My favourite story about the bridge comes from the wonderful Grangetown Cardiff’s detailed history section, which I highly recommend. It’s a thorough snapshot of a typical British parish developing through the 19th and 20th centuries.

OCTOBER 1908: The darker side of Cardiff was getting attention, with claims that prostitution was getting out of control ... George Bibbings wrote to the chief constable and the Echo, saying it was clearly evident that there was a "brothel colony" on the route from Tudor Street to Clarence Embankment. Prostitutes "and their partners in vice" were using the trams, with the full knowledge of the conductors, claimed Mr Bibbings.

Although proud Docks folks these days will scold you for sharing these salacious titbits, there’s more than just one account of houses in the area being used for prostitution and other general naughtiness. It’s easy to see how: all the houses along Clarence Embankment (which meets Clarence Bridge on the Butetown side) have huge basements, which run the entire length of the houses, accessible only from the kitchens out the back. One of my neighbours remembers their basement entrance being bricked up when she moved to the street as a child in the 50s. Her father took a sledgehammer to the wall and found an entire Mini reconstructed down there (though not in working order). It was rusted beyond repair, so she and her brothers spent the summer smashing it up and ferrying it piece by piece out of their house.

“Dens of iniquity” along Clarence Embankment

I realise I shouldn’t romanticise those days. But who wouldn’t long to witness them? In my mind, each basement along the street held a gambling hole or illegal drinking club. Come the early hours of the morning, all manner of humanity would stagger out, bleary eyed, heading back across the bridge from these dens of sin into suburbia, and to the families that were waiting angrily for them to come home.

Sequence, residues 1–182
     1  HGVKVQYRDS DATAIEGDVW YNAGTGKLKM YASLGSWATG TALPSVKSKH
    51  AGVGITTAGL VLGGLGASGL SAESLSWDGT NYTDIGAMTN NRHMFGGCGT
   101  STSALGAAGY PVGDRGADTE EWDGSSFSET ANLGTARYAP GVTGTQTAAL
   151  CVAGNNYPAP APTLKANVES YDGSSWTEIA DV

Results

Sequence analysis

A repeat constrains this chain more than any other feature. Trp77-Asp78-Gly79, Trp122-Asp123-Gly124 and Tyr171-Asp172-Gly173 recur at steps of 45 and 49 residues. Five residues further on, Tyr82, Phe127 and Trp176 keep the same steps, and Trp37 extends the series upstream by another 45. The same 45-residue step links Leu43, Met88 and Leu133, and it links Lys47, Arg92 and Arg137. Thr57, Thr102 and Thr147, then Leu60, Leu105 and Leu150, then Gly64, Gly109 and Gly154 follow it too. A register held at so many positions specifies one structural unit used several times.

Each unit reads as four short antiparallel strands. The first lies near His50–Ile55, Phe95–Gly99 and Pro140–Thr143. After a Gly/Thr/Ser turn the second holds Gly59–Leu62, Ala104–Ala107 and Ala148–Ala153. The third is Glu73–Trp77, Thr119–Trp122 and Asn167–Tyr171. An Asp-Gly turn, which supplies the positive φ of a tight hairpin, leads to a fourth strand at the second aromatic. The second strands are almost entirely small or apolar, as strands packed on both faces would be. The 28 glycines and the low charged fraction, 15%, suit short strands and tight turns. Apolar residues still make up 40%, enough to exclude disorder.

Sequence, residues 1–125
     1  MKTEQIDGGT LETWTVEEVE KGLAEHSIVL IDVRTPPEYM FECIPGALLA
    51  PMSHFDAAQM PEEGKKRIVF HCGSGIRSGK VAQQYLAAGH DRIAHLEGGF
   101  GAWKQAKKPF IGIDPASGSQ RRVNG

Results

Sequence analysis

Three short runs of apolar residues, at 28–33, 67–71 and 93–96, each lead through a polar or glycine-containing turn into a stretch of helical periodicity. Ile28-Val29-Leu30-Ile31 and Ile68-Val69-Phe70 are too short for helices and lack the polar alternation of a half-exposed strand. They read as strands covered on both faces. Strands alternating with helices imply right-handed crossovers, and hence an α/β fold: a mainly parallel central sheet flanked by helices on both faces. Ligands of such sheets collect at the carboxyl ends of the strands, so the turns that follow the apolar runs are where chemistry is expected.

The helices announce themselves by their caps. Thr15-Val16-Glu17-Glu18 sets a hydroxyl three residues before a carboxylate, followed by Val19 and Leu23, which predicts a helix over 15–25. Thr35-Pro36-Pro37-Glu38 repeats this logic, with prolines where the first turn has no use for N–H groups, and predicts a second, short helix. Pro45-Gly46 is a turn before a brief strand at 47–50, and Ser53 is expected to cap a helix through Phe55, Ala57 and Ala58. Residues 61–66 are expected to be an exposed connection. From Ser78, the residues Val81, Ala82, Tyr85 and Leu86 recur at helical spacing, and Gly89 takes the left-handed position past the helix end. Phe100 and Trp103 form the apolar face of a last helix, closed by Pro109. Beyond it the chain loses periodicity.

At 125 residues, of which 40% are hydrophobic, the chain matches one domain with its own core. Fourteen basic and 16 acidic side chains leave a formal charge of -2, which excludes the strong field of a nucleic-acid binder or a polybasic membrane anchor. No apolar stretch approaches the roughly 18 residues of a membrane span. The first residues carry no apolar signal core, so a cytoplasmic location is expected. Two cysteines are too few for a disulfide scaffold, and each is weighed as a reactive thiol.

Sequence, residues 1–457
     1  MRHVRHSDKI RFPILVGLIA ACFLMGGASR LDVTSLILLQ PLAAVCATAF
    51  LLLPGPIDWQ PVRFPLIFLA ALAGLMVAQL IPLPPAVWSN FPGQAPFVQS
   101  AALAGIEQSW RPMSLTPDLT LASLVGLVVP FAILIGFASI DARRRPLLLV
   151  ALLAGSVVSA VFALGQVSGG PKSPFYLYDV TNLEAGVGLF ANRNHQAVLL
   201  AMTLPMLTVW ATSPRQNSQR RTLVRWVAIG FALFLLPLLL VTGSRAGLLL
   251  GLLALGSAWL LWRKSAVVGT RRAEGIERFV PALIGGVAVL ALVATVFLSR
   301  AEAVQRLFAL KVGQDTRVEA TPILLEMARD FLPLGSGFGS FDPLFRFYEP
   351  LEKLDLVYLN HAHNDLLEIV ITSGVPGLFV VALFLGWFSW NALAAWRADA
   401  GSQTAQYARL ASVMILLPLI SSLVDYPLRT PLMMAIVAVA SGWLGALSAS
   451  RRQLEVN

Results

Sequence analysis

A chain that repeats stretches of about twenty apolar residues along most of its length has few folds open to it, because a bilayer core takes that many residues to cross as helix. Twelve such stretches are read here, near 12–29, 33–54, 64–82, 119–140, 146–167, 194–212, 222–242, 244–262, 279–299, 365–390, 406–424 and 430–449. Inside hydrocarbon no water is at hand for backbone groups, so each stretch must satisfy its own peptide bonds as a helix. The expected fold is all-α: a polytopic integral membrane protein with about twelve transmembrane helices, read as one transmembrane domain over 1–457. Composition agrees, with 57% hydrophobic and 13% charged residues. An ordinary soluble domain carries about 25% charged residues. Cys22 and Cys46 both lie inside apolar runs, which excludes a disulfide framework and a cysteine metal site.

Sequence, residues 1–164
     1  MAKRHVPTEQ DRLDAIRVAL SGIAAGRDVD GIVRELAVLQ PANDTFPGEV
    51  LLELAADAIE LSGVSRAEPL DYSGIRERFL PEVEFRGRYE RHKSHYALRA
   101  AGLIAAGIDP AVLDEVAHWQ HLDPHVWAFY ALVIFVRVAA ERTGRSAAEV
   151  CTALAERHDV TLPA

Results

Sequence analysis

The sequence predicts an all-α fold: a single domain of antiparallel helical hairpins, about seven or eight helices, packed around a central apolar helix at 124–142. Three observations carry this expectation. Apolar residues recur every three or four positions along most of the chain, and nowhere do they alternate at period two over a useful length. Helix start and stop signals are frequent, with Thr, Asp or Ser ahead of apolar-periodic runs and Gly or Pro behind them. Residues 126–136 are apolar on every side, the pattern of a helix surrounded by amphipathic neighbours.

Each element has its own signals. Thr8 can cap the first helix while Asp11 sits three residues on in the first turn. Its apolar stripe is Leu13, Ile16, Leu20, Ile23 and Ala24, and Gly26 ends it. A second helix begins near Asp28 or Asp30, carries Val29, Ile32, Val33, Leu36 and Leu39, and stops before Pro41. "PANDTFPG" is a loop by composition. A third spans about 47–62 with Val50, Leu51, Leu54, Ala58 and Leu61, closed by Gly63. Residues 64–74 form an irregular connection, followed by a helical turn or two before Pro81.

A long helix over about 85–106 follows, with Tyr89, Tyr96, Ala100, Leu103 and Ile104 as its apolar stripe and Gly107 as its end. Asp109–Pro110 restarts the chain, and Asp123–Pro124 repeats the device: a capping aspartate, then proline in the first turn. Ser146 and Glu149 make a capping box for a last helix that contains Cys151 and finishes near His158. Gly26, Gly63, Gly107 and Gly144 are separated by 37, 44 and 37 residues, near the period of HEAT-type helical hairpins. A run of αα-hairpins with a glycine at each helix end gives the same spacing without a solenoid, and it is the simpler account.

The original Clarence Road swing bridge was demolished in 1975, when it was replaced with the current structure. Compared with its predecessor, it’s pretty bland.

Clarence Bridge, looking from west to east: from Grangetown into Butetown. (The vomit incident occurred over the fence to the right of the picture, in case you’re interested)

These days, the bridge forms part of the Taff Trail, which links Brecon to Cardiff. It’s also the arse end of National Cycle Route 8, known as the Lôn Las Cymru, which links Holyhead on Anglesey with Cardiff Bay.

On the day I head out to take the photos for this piece, it’s windy and bright. I say hello to the friendly Irish pensioner who lives alone on my street. In the gutters, I step over a disused bike tyre: a charcoal halo over a dirty scrum of leaves.

The bridge carries an endless froth of streamlined cyclists and efficiently dressed hikers, heading east and west. They weave in between the smartly dressed city women and men, who – like the working stiffs a hundred years ago – use the bridge to head from Grangetown for jobs in the Bay, although the employment circumstances are completely different. Cardiff Bay’s heavy industry has disappeared, so people head instead for call centres, or to serve food or drinks, or to the National Assembly. Teenagers in oversized coats also use the bridge, heading for the sleek tower of glass that is Cardiff and Vale College, recently opened on Dumballs Road. Because today, the bridge leads you to devolution. Education. Blocks of flats. A thousand wifi networks between here and your office. It leads to Butetown, the dried up husk of what you’d know as the docks, or Tiger Bay. It’s a far cry from the days when the river flowed black, into endless acres of salt marsh, and men refused to pay the penny toll.


Helia Phoenix has written for Rolling Stone, The Guardian, and Kruger Magazine, and now runs the We Are Cardiff project. The previous instalments of her column can be found here. You could also take a peek at her website or follow her on Twitter, if you felt like it.